The Southern Sympathy Cookbook

I'm P.C., and I have studied food and cooking around the world, mostly by eating, but also through serious study. Coursework at Le Cordon Bleu London and intensive courses in Morocco, Thailand and France have broadened my culinary skill and palate. But my kitchen of choice is at home, cooking like most people, experimenting with unique but practical ideas.

I live, mostly in my kitchen, in my hometown of Memphis, Tennessee.

Chicken Katsu Curry

Chicken Katsu CurryI will tell you right up front. I have never been to Japan, I know very little about Japanese food and I don’t like sushi, so I haven’t explored the local Japanese offerings in depth. I will also tell you my interest in this dish comes from a place I don’t normally get inspiration. I first had this at a fast-casual Japanese restaurant in London that I stopped in to get out of a downpour. It was delicious. Then I saw it as a heat-and-eat meal in the grocery a day or so later and, I admit, I bought it. It too was pretty darn good. So I decided there had to be a way to make the recipe at home, so I started searching the internet. Lots of the recipes that came up were from British websites, which reinforced my sense that katsu is becoming a pretty standard dish in the UK (once something reaches the grocery store shelf, you know the trend has taken off). I discovered several things in my research. First, in every recipe I found, the chicken is breaded and fried. That’s what makes it so delightfully crispy and crunchy. Second, a lot of the curry sauce recipes I found used packaged mixes or ingredients not readily available at home, plus I am not a big fan of packaged mixes.

I wanted to make this an accessible recipe. Frying is a rare thing for me. The mess and the prep and the lingering smell. I fry chicken and fish on the burner of the outdoor grill sometimes, but it is certainly not something I do for a weeknight meal, so I wanted to make a baked version of chicken katsu that was still brown and crispy. And I cobbled together some ingredients and instructions for the curry sauce from some websites written in Japanese and translated (poorly) and few ideas from the English versions. The curry sauce is fantastic, perfect with the crispy chicken and rice, but also delicious served with Japanese noodles.

Chicken Katsu Curry
Serves 6
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For the Curry Sauce
  1. 2 tablespoons canola oil
  2. 1 large onion, diced
  3. 5 cloves garlic, minced
  4. 2 medium carrots, diced
  5. 2 tablespoons all-purpose flour
  6. 4 teaspoons curry powder
  7. 2 ½ cups chicken broth
  8. 4 teaspoons soy sauce
  9. 2 teaspoons honey
  10. 1 teaspoon garam masala
For the Chicken
  1. 3 cups panko breadcrumbs
  2. 3 boneless, skinless chicken breasts
  3. 1 cup all-purpose flour
  4. salt and pepper
  5. 2 eggs
Instructions
  1. Pour the canola oil in a medium saucepan and place over medium heat. Add the onion, garlic and carrot and stir to coat. Cook, stirring frequently until the vegetables start to soften, then cover the pot and cook, stirring occasionally, until everything is very soft and slightly golden and caramelized, about 10 minutes.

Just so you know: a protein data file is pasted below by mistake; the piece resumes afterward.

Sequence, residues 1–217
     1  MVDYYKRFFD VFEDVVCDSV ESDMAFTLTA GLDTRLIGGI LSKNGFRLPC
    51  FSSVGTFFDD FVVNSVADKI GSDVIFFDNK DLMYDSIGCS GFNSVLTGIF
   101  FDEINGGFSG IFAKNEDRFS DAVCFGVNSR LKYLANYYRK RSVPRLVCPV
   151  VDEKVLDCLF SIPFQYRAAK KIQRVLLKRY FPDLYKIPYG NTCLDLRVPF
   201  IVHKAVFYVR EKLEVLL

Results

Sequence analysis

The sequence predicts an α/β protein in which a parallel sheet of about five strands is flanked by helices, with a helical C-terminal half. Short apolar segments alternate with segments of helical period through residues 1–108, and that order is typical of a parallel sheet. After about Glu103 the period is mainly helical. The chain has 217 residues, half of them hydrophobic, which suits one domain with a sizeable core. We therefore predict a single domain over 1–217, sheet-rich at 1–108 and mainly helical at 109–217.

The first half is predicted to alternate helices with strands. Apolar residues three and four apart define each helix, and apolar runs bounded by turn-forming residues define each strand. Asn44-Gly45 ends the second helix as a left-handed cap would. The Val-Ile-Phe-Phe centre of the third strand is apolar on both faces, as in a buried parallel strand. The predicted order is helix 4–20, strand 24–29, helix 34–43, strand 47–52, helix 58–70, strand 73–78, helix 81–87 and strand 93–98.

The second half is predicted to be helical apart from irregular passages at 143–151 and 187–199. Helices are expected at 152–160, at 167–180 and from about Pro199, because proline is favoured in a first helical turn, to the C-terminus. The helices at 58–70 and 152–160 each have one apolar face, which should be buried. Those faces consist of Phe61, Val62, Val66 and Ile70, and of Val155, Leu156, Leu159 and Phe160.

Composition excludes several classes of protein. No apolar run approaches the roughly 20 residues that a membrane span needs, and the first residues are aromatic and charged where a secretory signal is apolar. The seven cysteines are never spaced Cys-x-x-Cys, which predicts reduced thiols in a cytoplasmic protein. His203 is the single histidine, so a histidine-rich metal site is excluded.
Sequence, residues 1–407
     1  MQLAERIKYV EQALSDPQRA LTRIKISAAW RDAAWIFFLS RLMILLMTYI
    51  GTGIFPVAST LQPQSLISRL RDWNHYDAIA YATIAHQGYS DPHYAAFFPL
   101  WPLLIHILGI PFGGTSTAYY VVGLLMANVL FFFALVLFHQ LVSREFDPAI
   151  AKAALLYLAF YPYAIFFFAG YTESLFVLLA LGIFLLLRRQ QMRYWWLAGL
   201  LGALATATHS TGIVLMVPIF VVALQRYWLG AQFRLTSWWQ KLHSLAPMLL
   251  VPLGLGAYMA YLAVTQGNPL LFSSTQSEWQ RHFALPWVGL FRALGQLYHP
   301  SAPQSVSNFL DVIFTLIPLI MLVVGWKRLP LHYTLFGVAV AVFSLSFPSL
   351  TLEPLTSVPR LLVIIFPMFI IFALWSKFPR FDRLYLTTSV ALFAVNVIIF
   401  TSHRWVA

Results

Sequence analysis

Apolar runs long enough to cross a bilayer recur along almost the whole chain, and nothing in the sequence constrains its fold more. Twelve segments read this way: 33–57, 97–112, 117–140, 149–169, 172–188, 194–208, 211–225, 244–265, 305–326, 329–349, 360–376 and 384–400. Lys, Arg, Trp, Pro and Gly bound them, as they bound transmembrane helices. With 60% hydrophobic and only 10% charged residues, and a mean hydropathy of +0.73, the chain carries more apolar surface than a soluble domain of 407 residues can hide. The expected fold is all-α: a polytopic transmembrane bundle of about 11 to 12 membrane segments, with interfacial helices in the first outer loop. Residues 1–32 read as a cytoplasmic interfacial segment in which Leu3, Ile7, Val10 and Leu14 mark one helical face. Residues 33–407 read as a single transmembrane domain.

2. Sprinkle over the flour and curry powder and stir to coat the vegetables, then pour in the chicken stock. Add the soy sauce and honey. Stir to dissolve the flour, bring to a boil, then lower the heat and simmer until slightly thickened. Stir in the garam masala, then use an immersion blender to just blend the sauce. You don’t need to go for smooth here. Pour the sauce through a strainer into a glass bowl, rinse out the pan and return the sauce to it. Simmer over low heat until the sauce is thickened a little, but still pourable. Season with salt to taste. The sauce can be kept warm over low heat while you make the Katsu, or made a day ahead, cooled, covered and refrigerate. Gently reheat the sauce over low heat.
For the Chicken Katsu
  1. Put the breadcrumbs in a large dry skillet and toast over medium heat, stirring constantly, until they are consistently golden. Turn over and stir constantly to prevent burning. They don’t have to be completely browned, just mostly toasted. Set aside to cool.
  2. Preheat the oven to 400°. Line a rimmed baking sheet with non-stick foil or parchment paper.
  3. Cut the chicken breasts in half and place each half between two sheets of waxed paper or plastic wrap. Pound with a meat mallet or rolling pin until evenly thin, about ¼ inch thick. Mix the flour with a generous amount of salt and black pepper on a flat plate. Beat the egg with a little splash of water on a second plate and spread the panko out on a third plate. Dip the chicken pieces in the flour and shake off any excess, then dip in the egg and allow the excess to drip off. Press the chicken breast into the panko crumbs, making sure both sides are fully coated, and transfer to the prepared baking sheet. Repeat with all the chicken.
  4. Bake the chicken for about 20 minutes until crispy and coked through, then serve with a drizzle of curry sauce, with extra sauce in the side for dipping. Serve with rice.
Notes
  1. This recipe makes a more sauce than you think you will need, but it is delicious stirred into rice and I want it with every bite of chicken. Leftover sauce is great tossed with noodles and vegetables.
  2. If you want to be more traditional, don’t toast the panko, but coat the chicken as directed, then fry in about 2 inches of hot vegetable oil.
The Runaway Spoon http://therunawayspoon.com/blog/

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